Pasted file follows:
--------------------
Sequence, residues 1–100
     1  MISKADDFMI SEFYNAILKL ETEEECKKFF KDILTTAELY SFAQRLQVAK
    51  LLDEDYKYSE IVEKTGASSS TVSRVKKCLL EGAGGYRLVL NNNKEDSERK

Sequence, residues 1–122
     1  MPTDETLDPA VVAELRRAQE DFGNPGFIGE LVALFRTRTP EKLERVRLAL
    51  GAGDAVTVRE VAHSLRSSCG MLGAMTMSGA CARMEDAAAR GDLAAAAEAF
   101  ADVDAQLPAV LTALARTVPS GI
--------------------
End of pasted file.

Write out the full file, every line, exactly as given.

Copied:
Sequence, residues 1–100
     1  MISKADDFMI SEFYNAILKL ETEEECKKFF KDILTTAELY SFAQRLQVAK
    51  LLDEDYKYSE IVEKTGASSS TVSRVKKCLL EGAGGYRLVL NNNKEDSERK

Sequence, residues 1–122
     1  MPTDETLDPA VVAELRRAQE DFGNPGFIGE LVALFRTRTP EKLERVRLAL
    51  GAGDAVTVRE VAHSLRSSCG MLGAMTMSGA CARMEDAAAR GDLAAAAEAF
   101  ADVDAQLPAV LTALARTVPS GI